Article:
While experts continue to remind us that in the U.S. we are still very much in the early stages of this COVID-19 outbreak, I can say that this challenge is teaching me vital lessons.
Here are three things I have learned so far:
- Fretting Truly Can’t Prepare You
As much as I might fret and try to plan for challenging times, it is often impossible to anticipate the challenge that actually stops you in your tracks.
I have always been a person who feels better trying to prepare for the worst.
At any given moment, I can typically rattle off some sort of contingency plan for challenges including job loss, illness, death of a loved one, or even natural disaster. (At least those natural disasters most common in the Deep South, where I spend most of my time.)
And yet, despite spending all that time and precious energy diving deeply into frightening “what ifs,” this particular crisis was not something that I had fully considered until it was bearing down on us. That is how life goes, it seems. The things that end up sidelining us take us by surprise.
It’s Helpful to Focus on What You Do Know – at Least Right Now
My mind can click into overdrive with little to no preparation. This is apparently especially true in crisis. There have been moments in the past few days where I have analyzed the “what ifs” of this situation to the point that I mentally have myself struggling to breathe, staggering penniless through the streets of New York City searching desperately for food, water and life saving medical care. (Don’t ask me how I’ve come to be on the streets of New York, panicked and alone, while also sheltering in place at my home in the Deep South. I just am. My fretting is rarely rational.)
Just like you, I do not know what tomorrow will bring. But I know that in this moment, I can breathe. I don’t have symptoms. Those closest to me don’t have symptoms. I know that I have supplies to last a few days. I know that the sun is currently shining outside my window, my dogs are getting a smidge sick of my nagging at them for barking, and my teenagers are engaged in a water ballloon throwing contest with each other on the back patio. In this moment, that can be enough.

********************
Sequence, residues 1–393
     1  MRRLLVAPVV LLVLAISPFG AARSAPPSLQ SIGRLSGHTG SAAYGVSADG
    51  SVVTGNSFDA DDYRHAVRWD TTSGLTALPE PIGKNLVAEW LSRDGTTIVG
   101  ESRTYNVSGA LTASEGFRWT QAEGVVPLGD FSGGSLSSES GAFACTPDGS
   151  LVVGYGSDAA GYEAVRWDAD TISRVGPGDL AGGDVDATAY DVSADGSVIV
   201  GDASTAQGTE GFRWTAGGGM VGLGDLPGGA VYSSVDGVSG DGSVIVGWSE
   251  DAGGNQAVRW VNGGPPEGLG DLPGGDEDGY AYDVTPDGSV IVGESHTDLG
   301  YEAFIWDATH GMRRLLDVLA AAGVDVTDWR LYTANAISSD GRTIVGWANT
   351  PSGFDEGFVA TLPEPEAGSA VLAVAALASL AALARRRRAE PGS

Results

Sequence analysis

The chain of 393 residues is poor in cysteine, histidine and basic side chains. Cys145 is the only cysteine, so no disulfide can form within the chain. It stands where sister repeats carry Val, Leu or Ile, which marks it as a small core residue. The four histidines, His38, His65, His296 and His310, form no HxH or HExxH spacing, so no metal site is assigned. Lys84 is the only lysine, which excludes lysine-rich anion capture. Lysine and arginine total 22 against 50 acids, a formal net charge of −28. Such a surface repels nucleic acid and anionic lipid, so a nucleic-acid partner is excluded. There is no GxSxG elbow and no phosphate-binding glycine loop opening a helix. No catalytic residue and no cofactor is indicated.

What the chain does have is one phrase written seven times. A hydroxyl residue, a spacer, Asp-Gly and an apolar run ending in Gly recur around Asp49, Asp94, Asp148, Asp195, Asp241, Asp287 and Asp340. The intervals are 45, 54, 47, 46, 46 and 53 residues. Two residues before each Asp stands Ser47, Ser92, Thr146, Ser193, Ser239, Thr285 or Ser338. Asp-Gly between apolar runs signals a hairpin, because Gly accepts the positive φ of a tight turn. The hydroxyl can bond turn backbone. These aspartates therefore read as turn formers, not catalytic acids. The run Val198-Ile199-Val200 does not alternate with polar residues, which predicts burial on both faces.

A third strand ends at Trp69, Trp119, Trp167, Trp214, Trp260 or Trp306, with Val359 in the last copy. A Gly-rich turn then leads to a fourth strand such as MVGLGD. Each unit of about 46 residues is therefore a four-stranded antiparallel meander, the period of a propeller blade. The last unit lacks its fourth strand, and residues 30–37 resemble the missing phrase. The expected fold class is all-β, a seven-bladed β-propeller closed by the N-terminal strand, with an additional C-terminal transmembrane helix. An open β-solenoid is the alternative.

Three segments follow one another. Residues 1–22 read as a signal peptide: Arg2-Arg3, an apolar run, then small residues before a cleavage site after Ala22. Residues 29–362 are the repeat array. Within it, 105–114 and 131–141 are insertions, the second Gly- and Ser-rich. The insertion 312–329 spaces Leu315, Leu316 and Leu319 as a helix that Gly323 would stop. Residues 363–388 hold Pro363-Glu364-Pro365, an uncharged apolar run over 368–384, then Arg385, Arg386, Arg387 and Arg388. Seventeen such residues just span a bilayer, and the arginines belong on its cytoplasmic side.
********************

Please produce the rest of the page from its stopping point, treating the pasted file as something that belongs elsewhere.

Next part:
It is Relationships – Both Close and Not So Close – that Matter Most
OK. I already knew this one – at least in theory. But I have received a powerful reminder in the midst of this outbreak. I have been surprised by some of the relationships that have brought me comfort these past two days.
I have received encouragement from my husband, my teenagers, my father-in-law, my parents, and a handful of friends that have been important to me for a decade or more. Their honesty about where they are emotionally, what they are thinking, and how they are getting through have been great comforts.
But I also have had people I am not quite as close to to reach out and say hello. There have been neighbors beyond my immediate ones (who are awesome, by the way) that I don’t communicate with as regularly. They have texted or called just to say “Hey, how are you? Are you guys at home? Do you need anything?” Some new friends have checked in with me in ways that feel important and I can feel our connections growing, even with this social distancing mandate in place.
My church is still formulating plans for how we are all going to stay connected and love each other during this weird, admittedly frightening time. I have enjoyed those updates – even when they didn’t carry much in the way of actual news because there is so much we don’t know.
I have taken comfort in knowing that teachers and our new youth pastor are all working hard to figure out how to keep supporting our kids. That has made me grateful and also taken a bit of pressure off – that even in a crisis like this where we are hunkered down at home, I do not have to be all things to anyone, even my own kids.
This morning, I took some time to email or text with most of the educators I am fortunate to serve through my work. We bantered back and forth a bit about the craziness and stress of this moment. We shared movie, book and podcast recommendations. Multiple people told me that – like me – they are currently binge watching Parks and Rec and have found it oddly helpful. I offered them an idea or two about things they might want to think about next in their schools. We were of use to and service to each other. And in these moments, that feels downright sacred.
There will be more lessons, of course. And by tomorrow, odds are good that my stubborn, prone to worry self will need to relearn some of the lessons from today, too. But I hope this is helpful to someone out there.
What are YOU learning during this strange season? How are you?